Saturday morning, we had absolutely no office work to do, so we confidently prepared to spend the day proselyting our little hearts out. Not literally. Right before we were about to leave the apartment, we got a phone call soliciting our help to move a member family. Thus we see that even on days when Elder Hill and Elder Wilson don't have to go around the mission moving furniture, fate finds a way to make us spend the day moving furniture. Ha ha, very funny. I sure hope the powers of the universe were laughing.

The best part about the day of service is that 'R' came to help too. Here's the thing about 'R'. Once upon a time, a 28 year old hip French man named 'R' had an LDS girlfriend who left on a mission. He got curious about the church, found a Book of Mormon, and promptly read the whole thing. Then he read it again. Then he started reading the Doctrine and Covenants. Then he came to church on his own one Sunday and made all of our dreams come true. He's been meeting with missionaries since then, and has been known to request multiple lessons in one day. Then, he has the gall to show up to service before the missionaries, stay all day, and be extremely stylish and personable even while exerting physical effort. He's the real deal. He even rollerbladed home from church after his car AND motorcycle broke down.

That night, we went out to knock on doors and got let in to teach a nice Catholic man. He let us pray with him, then we left to go home. A lady walked passed us with her dog, then Elder Hill started backing up the space car and getting the rocket boosters ready to maneuver it out of the parking place. Just then, I had an internal battle with myself:

-I should talk to her.
-No, that's stupid. It's late at night and we drive a huge gray kidnapper van.
-But she's probably pretty nice if she has a tiny dog like that.
-Maybe, but I would have to chase her down. Can anyone say creepy?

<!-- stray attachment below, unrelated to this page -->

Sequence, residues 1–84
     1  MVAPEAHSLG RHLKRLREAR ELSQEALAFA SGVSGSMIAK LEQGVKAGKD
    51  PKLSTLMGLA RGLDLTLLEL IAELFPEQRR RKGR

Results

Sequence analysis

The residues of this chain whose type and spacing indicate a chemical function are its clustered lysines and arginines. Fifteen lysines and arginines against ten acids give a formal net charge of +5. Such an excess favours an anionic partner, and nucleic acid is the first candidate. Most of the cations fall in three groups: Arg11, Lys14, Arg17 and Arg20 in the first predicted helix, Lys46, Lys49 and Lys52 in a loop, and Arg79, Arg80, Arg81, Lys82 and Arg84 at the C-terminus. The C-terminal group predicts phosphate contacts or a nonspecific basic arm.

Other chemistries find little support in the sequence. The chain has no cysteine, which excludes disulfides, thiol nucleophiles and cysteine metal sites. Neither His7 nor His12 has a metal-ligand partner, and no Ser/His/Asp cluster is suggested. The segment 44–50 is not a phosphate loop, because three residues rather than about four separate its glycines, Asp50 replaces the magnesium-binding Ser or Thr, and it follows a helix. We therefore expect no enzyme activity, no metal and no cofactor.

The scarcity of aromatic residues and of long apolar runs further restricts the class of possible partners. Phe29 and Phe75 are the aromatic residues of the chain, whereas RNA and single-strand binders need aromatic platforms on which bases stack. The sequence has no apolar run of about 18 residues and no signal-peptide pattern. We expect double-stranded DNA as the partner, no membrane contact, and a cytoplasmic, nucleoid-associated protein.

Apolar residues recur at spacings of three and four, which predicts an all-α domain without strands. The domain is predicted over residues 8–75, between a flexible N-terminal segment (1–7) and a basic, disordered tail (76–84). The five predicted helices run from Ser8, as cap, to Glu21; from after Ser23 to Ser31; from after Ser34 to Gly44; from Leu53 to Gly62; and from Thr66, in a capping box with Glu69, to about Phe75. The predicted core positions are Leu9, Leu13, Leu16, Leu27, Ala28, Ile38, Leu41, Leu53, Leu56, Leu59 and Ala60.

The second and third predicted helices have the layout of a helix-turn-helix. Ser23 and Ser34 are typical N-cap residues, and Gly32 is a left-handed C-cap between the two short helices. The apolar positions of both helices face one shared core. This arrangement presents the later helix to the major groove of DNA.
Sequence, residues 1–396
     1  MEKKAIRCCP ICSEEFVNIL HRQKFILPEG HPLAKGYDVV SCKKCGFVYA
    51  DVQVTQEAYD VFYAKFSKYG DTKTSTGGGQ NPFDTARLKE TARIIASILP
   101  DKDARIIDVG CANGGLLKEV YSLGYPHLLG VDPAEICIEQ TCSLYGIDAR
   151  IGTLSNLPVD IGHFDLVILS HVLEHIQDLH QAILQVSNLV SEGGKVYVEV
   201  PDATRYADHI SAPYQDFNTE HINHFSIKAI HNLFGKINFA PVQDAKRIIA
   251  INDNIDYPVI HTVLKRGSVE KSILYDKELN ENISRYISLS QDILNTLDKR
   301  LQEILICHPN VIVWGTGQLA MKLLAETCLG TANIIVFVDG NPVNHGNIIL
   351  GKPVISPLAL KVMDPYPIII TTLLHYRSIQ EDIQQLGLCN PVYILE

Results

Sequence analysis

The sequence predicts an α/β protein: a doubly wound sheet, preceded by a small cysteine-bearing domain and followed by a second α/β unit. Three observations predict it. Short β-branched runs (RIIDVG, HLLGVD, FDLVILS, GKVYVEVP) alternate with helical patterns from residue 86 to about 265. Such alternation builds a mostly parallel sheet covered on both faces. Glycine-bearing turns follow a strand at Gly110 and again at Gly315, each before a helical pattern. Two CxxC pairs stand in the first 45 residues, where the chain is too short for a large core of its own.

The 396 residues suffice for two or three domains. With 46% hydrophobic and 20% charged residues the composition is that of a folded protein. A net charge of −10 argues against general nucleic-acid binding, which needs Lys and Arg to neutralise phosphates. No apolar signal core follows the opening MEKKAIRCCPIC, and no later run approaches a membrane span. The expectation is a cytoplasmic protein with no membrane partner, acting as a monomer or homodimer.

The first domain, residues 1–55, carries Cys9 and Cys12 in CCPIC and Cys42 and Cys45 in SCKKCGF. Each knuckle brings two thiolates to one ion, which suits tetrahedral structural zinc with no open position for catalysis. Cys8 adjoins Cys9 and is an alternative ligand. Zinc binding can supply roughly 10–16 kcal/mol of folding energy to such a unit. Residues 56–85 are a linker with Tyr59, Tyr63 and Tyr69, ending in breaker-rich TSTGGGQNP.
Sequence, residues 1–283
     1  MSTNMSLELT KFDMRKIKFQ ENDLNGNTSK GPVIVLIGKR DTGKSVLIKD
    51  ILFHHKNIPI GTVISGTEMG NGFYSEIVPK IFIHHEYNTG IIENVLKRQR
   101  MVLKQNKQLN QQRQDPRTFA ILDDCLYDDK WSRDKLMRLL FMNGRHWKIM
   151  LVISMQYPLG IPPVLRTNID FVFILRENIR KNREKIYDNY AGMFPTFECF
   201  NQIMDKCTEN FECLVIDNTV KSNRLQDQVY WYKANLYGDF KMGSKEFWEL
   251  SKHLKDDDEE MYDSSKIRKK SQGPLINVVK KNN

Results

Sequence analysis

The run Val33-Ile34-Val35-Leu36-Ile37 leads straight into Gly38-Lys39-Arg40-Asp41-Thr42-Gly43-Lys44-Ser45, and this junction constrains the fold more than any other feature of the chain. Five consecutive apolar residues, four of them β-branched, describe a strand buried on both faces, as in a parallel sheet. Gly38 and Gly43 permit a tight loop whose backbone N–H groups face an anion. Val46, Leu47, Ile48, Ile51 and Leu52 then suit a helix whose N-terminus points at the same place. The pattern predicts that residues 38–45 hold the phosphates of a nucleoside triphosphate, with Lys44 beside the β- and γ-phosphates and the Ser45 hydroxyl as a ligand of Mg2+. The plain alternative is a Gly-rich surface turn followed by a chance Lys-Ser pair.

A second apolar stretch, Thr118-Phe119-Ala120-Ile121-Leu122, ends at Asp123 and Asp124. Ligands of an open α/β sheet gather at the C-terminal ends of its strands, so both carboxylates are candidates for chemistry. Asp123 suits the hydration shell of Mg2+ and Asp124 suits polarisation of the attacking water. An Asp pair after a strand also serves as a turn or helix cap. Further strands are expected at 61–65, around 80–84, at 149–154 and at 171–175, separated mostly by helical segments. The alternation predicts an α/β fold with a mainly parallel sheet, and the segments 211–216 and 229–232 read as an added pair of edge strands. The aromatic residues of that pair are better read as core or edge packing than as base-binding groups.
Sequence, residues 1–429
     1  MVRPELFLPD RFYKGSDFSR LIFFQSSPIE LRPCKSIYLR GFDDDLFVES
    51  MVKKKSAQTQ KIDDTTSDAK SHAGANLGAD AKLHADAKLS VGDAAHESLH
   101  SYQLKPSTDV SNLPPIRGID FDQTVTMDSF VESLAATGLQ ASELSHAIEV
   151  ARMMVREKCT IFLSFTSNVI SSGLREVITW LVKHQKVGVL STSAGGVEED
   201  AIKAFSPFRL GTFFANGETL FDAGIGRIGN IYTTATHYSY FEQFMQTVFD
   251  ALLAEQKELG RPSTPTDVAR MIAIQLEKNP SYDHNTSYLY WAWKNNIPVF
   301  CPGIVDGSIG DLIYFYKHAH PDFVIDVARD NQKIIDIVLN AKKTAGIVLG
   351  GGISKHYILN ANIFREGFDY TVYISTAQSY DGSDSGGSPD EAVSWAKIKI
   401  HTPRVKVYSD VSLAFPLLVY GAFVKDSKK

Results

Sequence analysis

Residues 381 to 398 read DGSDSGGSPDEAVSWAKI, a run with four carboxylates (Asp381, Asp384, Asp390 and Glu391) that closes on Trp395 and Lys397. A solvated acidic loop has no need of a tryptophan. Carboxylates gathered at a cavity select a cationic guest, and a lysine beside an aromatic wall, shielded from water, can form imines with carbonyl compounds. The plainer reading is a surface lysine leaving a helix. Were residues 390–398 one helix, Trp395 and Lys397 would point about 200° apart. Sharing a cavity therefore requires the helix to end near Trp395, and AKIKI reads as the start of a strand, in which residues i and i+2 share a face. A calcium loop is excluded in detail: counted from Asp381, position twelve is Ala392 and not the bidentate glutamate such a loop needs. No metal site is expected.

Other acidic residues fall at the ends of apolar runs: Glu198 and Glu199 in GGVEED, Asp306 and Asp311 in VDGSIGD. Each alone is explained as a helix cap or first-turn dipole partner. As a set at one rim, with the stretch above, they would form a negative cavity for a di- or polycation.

-Do it.
-No. Elder Hill is in the car.
-Do it.

So I chased her down, started talking to her, found out that she's really super nice, and got her contact information so we can go teach her family this week. I guess I just need to be persuaded sometimes.

The rest of the week included office work, going to church, and having a surprise meal with an awesome less active college student and his roommate. We had some good moments.

Well, now I've successfully spent a whole email talking about the few things that have happened since the last one five days ago. I started off by thinking, "Well, THIS is going to be a short one." Not so.

As you were.

Elder Wilson

January 08, 2014

If We Had Died, At Least It Was After A Pastry Binge - Week 72

Attention everyone: it's 2014.

What a week! You know it had to be busy when I'm sending this post 2 days late. Curve balls left and right. Elder Hill and I have a pretty good batting average and have been hitting them though. 

We wanted to go to Invalides for P-Day, which is a big military building built by Napoleon with a war museum inside. We took the metro over to Paris, then were quickly reminded of the hordes of tourists in the city for winter vacation. Consequently, all the lines were too long, and we just decided to go back to our apartment. 

The real adventure came when we got to the last metro station, where we had to pay to recharge our public transport cards. Elder Hill started putting his money in the machine, which stopped working and ate his money after he put in 40 euros. Curve ball. The result was a nice process of an hour and a half to get some of his money back from the station workers. Gotta be careful with those things.

New Year's Eve was great! We went out on the town and partied until the early hours of the morning. That's all true, if "out on the town" is a member family's house, and "party" involves eating excessive amounts of pizza until 9 o'clock at night. It was seriously really fun though. They're a half American/half Swiss family, and they were nice enough to invite 6 of us over to be with them. It' not every day that we get to eat pizza, either.